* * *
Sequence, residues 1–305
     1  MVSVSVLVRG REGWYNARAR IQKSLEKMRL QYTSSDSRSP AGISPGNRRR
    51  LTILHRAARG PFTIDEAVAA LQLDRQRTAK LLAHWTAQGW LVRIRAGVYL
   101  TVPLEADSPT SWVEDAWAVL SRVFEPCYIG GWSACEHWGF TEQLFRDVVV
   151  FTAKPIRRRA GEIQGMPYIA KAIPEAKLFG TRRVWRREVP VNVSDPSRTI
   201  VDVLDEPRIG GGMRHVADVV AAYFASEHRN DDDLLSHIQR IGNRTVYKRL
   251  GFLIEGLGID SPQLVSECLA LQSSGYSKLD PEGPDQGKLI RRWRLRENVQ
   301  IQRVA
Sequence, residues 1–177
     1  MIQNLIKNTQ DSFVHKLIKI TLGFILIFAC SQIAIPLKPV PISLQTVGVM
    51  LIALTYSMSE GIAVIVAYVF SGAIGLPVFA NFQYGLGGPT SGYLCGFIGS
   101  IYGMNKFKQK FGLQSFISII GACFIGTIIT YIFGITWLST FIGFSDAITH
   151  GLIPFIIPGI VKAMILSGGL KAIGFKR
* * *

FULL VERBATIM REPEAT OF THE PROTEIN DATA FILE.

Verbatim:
Sequence, residues 1–305
     1  MVSVSVLVRG REGWYNARAR IQKSLEKMRL QYTSSDSRSP AGISPGNRRR
    51  LTILHRAARG PFTIDEAVAA LQLDRQRTAK LLAHWTAQGW LVRIRAGVYL
   101  TVPLEADSPT SWVEDAWAVL SRVFEPCYIG GWSACEHWGF TEQLFRDVVV
   151  FTAKPIRRRA GEIQGMPYIA KAIPEAKLFG TRRVWRREVP VNVSDPSRTI
   201  VDVLDEPRIG GGMRHVADVV AAYFASEHRN DDDLLSHIQR IGNRTVYKRL
   251  GFLIEGLGID SPQLVSECLA LQSSGYSKLD PEGPDQGKLI RRWRLRENVQ
   301  IQRVA
Sequence, residues 1–177
     1  MIQNLIKNTQ DSFVHKLIKI TLGFILIFAC SQIAIPLKPV PISLQTVGVM
    51  LIALTYSMSE GIAVIVAYVF SGAIGLPVFA NFQYGLGGPT SGYLCGFIGS
   101  IYGMNKFKQK FGLQSFISII GACFIGTIIT YIFGITWLST FIGFSDAITH
   151  GLIPFIIPGI VKAMILSGGL KAIGFKR